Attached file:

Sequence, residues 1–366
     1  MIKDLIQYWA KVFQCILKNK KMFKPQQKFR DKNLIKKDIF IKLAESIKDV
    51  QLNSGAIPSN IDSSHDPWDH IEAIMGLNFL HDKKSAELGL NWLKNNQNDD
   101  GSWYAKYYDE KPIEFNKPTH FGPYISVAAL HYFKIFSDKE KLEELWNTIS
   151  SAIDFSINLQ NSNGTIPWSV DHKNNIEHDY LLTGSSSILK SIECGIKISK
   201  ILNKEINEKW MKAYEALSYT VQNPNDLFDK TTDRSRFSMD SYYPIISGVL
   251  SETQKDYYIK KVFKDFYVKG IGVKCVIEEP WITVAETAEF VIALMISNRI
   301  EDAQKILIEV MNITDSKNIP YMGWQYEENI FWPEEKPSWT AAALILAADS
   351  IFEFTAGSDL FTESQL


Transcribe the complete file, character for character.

Sequence, residues 1–366
     1  MIKDLIQYWA KVFQCILKNK KMFKPQQKFR DKNLIKKDIF IKLAESIKDV
    51  QLNSGAIPSN IDSSHDPWDH IEAIMGLNFL HDKKSAELGL NWLKNNQNDD
   101  GSWYAKYYDE KPIEFNKPTH FGPYISVAAL HYFKIFSDKE KLEELWNTIS
   151  SAIDFSINLQ NSNGTIPWSV DHKNNIEHDY LLTGSSSILK SIECGIKISK
   201  ILNKEINEKW MKAYEALSYT VQNPNDLFDK TTDRSRFSMD SYYPIISGVL
   251  SETQKDYYIK KVFKDFYVKG IGVKCVIEEP WITVAETAEF VIALMISNRI
   301  EDAQKILIEV MNITDSKNIP YMGWQYEENI FWPEEKPSWT AAALILAADS
   351  IFEFTAGSDL FTESQL